Despite this growing interest and commitment and understanding around urban problems and dynamics, little is understood regarding how a more sustainable and inclusive urban agenda can be pushed forward, by whom, with what support, and how best to take advantage of local opportunities. I suggest here three main actions that are key for advancing implementation: a) Strengthen multilevel governance; b) Strengthen the capacities of local players, and; c) Ensure political support.
Strengthen multi-level governance
National governments play a key role in developing policies that help strengthen the role of local authorities as enablers of development that supports, rather than excludes, disadvantaged groups (McGranahan, Schensul & Singh, 2016). This needs much work on strengthening multi-level governance (Corfee-Morlot et al., 2009), both vertically between international, national, and sub-national levels and horizontally across sectors and actors within the same government level and across city administrations. The cross-cutting nature of urban issues needs coordination between government areas, sectors, and actors (Bulkeley, 2010). This includes greater integration, coordination, and coherence between municipalities and cities, metropolitan networks, and coordination entities. It also requires a willingness to utilize new forms of engagement with a broad spectrum of local actors and supporting local processes driven by local actors that respond to local needs (Bartlett & Satterthwaite, 2016). But this is a challenge for many Latin American cities, especially small and intermediate size ones, that are understaffed, under trained and have only limited capacity to plan and invest towards more sustainable development pathways (Hardoy & Romero-Lankao, 2011).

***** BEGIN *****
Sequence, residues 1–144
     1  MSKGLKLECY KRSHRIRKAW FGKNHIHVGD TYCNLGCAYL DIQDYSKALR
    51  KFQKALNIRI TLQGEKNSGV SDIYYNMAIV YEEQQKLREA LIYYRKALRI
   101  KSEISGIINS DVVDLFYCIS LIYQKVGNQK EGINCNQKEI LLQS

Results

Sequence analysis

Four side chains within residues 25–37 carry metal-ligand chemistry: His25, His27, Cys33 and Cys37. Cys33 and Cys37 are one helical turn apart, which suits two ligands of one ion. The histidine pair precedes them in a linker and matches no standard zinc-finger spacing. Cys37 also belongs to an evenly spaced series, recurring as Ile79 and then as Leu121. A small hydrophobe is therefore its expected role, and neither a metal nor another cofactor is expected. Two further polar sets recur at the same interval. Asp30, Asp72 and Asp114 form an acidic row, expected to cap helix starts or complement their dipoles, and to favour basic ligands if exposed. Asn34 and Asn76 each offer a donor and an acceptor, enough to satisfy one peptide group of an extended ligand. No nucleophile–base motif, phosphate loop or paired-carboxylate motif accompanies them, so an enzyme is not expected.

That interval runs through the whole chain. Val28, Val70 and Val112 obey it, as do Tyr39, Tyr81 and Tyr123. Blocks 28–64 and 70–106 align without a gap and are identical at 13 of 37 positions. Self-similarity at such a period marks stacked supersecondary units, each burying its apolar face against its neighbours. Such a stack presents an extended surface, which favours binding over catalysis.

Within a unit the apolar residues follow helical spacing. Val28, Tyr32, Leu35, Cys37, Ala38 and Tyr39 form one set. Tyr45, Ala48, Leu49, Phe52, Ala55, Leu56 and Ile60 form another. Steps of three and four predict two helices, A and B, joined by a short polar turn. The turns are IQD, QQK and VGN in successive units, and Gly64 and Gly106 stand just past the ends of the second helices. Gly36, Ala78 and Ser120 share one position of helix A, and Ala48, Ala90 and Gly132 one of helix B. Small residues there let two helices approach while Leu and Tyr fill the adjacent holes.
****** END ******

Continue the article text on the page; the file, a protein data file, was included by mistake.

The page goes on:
Strengthen local players